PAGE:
MOUTH too often overrode the mind of Gus Poyet in the fractious final days of his Sunderland reign.
Amidst regular scapegoating, there were three separate occasions in post-match press conferences at the start of 2015 when Poyet lambasted what he perceived to be a damaging nostalgic air among Sunderland fans, who still hankered for the glory days of Niall Quinn and Kevin Phillips.
It was nice to see it mean so much to Defoe too. It’s a sight not often seen enough from modern players
It was an odd stance to take, and not one which was misinterpreted.
Poyet genuinely thought it.
Now, Poyet had a point that such a brand of high-intensity football, with a big ‘un and a little ‘un up front may not cut it these days.
Sunderland do need a modern, distinctive and successful brand of football that they work towards in the coming years.
But successful teams who play a passing style can still maintain some intensity, some pressing and play the odd long balls into the strikers.
It was a balance Poyet was never able to strike.
Perhaps it was telling then that one of THE great derby goals had a classic Quinn and Phillips flavour to it, and secured a first Sunderland win under Poyet’s successor Dick Advocaat.
Steven Fletcher, as excellent in the first half as he was at St James’s Park in December, flicked the ball on and Jermain Defoe unleashed a worldie; a goal which heralded the greatest half-time interval in the Stadium of Light’s history.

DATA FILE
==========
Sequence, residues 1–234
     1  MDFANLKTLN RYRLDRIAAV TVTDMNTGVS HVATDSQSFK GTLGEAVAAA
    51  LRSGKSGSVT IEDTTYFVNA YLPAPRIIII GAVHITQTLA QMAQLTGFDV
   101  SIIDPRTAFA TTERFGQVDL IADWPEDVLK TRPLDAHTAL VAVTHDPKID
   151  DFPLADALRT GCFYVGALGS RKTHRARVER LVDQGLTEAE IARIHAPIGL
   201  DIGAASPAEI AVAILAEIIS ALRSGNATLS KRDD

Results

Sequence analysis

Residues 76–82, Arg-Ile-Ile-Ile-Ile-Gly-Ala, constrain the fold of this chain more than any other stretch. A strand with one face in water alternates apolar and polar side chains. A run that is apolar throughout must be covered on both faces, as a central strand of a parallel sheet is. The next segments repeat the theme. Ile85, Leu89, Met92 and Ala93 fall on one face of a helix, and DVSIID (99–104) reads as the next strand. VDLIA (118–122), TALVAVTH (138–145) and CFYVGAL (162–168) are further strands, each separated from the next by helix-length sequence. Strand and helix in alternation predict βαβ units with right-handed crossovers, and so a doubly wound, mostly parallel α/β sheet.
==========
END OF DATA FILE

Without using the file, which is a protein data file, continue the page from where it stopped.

It was a goal borne of Advocaat’s ploy of simply getting the ball into the front three in good areas, where they could link-up with each other. It’s a basic footballing principle which Sunderland rarely achieved under Poyet.
The technique Defoe demonstrated is why Sunderland bought him in January. For all Poyet struggled to find the right balance with the 32-year-old in the starting XI, he is a match winner.
When Defoe arrived, the lofty investment for his signature was always going to be worthwhile if he managed half-a-dozen goals which secured the necessary points for Premier League survival.
He’s halfway to that target now, with Sunderland’s position in the dogfight immediately looking infinitely better after just one win.
It was nice to see it mean so much to Defoe too.
It’s a sight not often seen enough from modern players.
Speaking to Defoe last week, he was clearly licking his lips at the prospect of participating in this one, and his emotions in celebrating his wonder strike were genuine.
But the Quinn-Phillips comparison was not the only flashback.
This was an old-fashioned “up and at them” Stadium of Light encounter, where Sunderland utterly dominated against an abject Newcastle side and the crowd responded.
Rather than ripping up the Poyet blueprint and attempt a revolution for his nine-game spell, Advocaat has simply gone back to basics, with a more compact version of the 4-3-3 pioneered by his predecessor.
But what Advocaat has crucially done is set a light to those lackadaisical, sluggish, sideways and backwards passing displays under Poyet.
Pressing, hunting in packs, midfield bite, going direct when necessary, winning the 50-50s.
None of these elements are rocket science, but they were ingredients badly missing for too much of this season.
Most refreshingly of all, Sunderland started on the front foot; a corner won within the first minute and 70-odd per cent possession enjoyed throughout that first half.
When playing in front of 40-odd thousand, that fan power has to be harnessed by setting the tone and yesterday, it was.